It’s Not Business as Usual as FDA Works Only on 'Imminent Threats'

It’s Not Business as Usual as FDA Works Only on 'Imminent Threats'

During shutdown, agency can only address imminent threats to the safety of human life and those funded by carryover user fee funds.

January 14, 2019
— Lisa Lupo

The government shutdown officially became the longest in U.S. history on January 12. So, if you’re looking for information on what FDA is able to do during the shutdown to continue protecting the safety of U.S. foods, the FDA website pretty much says it all:

“In the absence of either an FY 2019 appropriation or a Continuing Resolution for FDA, beginning on December 22, 2018 and continuing until the date of enactment of an FY 2019 appropriation or Continuing Resolution ("lapse period"), agency operations continue to the extent permitted by law, such as activities necessary to address imminent threats to the safety of human life and activities funded by carryover user fee funds.”

And that is further restricted by the fact that the agency is operating with only about 50% of its workers, as nearly half have been furloughed since December 22, 2018.

FDA Commissioner Scott Gottlieb has been maintaining a fairly steady stream of tweets, with one thread, in particular, providing a view of what the agency is doing:

“SHUTDOWN UPDATE: The lapse in funding represents one of the most significant operational challenges in FDA’s recent history. But as an agency, we’re committed to fulfilling our consumer protection mandate, to the best of our abilities, under our current configuration.

"We analyzed activities with close input from senior career leaders & public health experts. Our plans always included activities to address immediate threats to human life & safety. But as lapse continues we’re evaluating additional activities we need to except to prevent threats.

 “FDA determined after careful analysis and in close consultation with senior career leaders and public health experts that the following activities should be considered excepted, unpaid work because they’re necessary to identify and respond to threats to safety of human life:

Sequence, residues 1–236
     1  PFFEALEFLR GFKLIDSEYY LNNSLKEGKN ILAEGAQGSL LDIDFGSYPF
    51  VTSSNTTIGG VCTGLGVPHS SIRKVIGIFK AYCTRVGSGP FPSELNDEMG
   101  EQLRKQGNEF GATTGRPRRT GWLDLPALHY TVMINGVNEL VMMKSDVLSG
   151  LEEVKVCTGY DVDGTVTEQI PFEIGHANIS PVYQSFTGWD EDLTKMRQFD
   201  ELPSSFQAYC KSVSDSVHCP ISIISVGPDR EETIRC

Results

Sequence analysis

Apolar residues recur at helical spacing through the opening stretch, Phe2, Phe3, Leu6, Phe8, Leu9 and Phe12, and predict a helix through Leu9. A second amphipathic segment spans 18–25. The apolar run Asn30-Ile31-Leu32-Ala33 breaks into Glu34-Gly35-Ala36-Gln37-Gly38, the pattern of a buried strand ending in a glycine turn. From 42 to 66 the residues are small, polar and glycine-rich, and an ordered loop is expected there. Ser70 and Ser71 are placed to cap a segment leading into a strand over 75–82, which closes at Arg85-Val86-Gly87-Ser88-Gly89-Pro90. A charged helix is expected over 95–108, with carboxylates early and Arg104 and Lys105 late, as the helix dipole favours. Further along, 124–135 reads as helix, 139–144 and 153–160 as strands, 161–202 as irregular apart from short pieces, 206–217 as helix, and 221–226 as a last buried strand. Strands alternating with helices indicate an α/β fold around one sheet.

“The additional activities may be considered excepted work during a shutdown. Given the prolonged shutdown and compounding risk as time accrues; FDA is working to operationalize additional activities that exceed what we’ve done in past shutdown situations. Activities include:

  • Expanded inspection activities beyond ‘for-cause’ inspections to also include foreign and domestic food, drug, medical, device and pharmacy compounding surveillance inspections focused on the highest risk products and facilities;
  • Expanded monitoring and analysis by the Coordinated Outbreak and Response Evaluation (CORE) Network to include additional food safety and foodborne illness outbreak surveillance, detection, and response activities;
  • Surveillance sampling of imported high-risk foods, drugs, and devices, and the logistical coordination and laboratory support for allowable inspections and evaluation;
  • Expanded monitoring and evaluating medical device adverse event and malfunction reports to include additional types of medical devices;
  • Expanded activities related to surveillance and response for recalls (including Class I and Class II) as necessary to identify and respond to threats to the safety of human life;
  • These actions are being taken in close consultation with, and based on direct feedback from, senior career leadership of FDA, our program officers, and our range of experts. Our mission is focused squarely on securing consumer safety and protecting Americans during these times.”

From this, it’s evident that, as Gottlieb also states, “It is not business as usual at FDA.” While many key functions are not able to be done, the agency is focusing on “maintaining core activities that directly impact consumer safety and save lives.”

However, the longer the shutdown continue, the worse it is likely to get, as any non-immment-threat activities are operated only under carryover user fees, which Gottlieb said will last only one to two months. After that more employees could be furloughed.

Follow Gottlieb on Twitter at @SGottliebFDA.